Crime Prevention Coordinator Frank Silva says:
Faced with the unique challenges of being the only public high school in Downtown Portland's core,LincolnHigh Schoolmust address numerous public safety and livability issues. From drug use to found drug paraphernalia, camping, graffiti, and common encounters with people that displayed aggressive and hostile behaviors,Lincolnsought for a change that would make their school grounds a positive, pro-social environment.
One of the challenges Lincoln faced was that the actual design of the school is an open campus, being the epicenter of the Gosse Hollow Neighborhood, and being a place that has a high degree of foot traffic. Lincoln's campus has numerous access points that could possibly be problematic. Also,Lincoln's track and field is host to many school sponsored and community events bringing an influx of people to their campus.
Consequently, School Resource Officer John Clinton, and Principal Peyton Chapman and Kirsten Leonard ofLincolnHigh School, worked together with Crime Prevention to complete an extensive Crime Prevention Through Environmental Design assessment. In doing so, they eliminated problem landscaping, changed and added lighting that increase visibility, removed graffiti, picked up litter, and reconfigured a TriMet bus shelter that was causing problems for the students, faculty, and the community.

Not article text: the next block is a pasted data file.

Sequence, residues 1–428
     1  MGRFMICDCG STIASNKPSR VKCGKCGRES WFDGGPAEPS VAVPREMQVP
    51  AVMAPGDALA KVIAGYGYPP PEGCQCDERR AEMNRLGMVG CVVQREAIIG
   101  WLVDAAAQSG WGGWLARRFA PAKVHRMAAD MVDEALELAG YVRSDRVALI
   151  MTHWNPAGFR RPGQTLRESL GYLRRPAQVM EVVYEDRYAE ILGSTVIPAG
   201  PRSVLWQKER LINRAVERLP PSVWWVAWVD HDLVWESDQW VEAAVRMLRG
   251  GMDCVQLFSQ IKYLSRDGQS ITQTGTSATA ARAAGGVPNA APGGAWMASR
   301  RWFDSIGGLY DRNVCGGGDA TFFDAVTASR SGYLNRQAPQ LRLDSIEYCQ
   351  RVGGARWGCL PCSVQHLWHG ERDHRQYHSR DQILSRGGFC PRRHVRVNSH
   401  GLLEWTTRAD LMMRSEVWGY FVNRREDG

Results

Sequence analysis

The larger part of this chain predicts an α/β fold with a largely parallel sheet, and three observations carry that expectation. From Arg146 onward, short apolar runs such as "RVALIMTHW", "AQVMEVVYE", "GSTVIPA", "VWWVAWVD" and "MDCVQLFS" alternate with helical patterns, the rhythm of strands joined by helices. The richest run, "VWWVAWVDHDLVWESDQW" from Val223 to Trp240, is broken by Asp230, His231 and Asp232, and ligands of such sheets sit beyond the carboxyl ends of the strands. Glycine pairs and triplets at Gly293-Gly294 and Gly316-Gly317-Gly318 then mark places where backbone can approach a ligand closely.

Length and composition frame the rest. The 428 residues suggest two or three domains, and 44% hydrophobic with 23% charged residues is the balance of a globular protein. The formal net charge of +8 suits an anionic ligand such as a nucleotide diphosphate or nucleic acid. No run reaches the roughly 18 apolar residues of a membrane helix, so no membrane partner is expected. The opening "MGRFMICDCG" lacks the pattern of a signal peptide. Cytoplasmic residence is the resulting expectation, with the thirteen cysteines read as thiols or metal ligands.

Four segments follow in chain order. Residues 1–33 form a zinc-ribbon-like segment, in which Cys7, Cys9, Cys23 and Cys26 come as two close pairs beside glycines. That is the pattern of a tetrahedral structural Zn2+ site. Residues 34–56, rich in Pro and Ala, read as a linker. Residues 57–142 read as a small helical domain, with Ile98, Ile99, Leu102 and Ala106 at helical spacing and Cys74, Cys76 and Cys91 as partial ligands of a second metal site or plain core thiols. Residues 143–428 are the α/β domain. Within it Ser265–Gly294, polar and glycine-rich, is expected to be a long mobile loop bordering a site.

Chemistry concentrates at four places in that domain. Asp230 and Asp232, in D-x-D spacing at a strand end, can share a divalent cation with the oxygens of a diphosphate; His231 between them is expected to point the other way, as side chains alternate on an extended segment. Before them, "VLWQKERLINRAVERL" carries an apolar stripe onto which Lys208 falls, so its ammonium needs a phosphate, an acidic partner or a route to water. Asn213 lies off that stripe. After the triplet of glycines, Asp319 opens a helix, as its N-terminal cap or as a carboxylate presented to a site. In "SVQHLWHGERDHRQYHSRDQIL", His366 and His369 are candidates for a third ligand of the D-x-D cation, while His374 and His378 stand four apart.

Lincolnalso started an innovative Adopt a Plot Program; in which, students, faculty, and community neighbors "adopt" a parcel of property around the school grounds where they take responsibility for the landscaping, removal of graffiti, and trash pick up on their “plot”. This unique program is a way that students, teachers, parents, and community members take an active role in the safety and livability of the school grounds.
Lincolncontinually looks for updates and new ways to make their campus a safe place for everyone who uses it. They are a model for any school or open space that wishes to encourage positive use of the property by making changes to their physical environment. Because of these significant environmental design changes, students, faculty, and the community around the High School are safer, and we commend Principal Chapman, Kirsten Leonard, and Officer Clinton for their efforts in making these changes happen.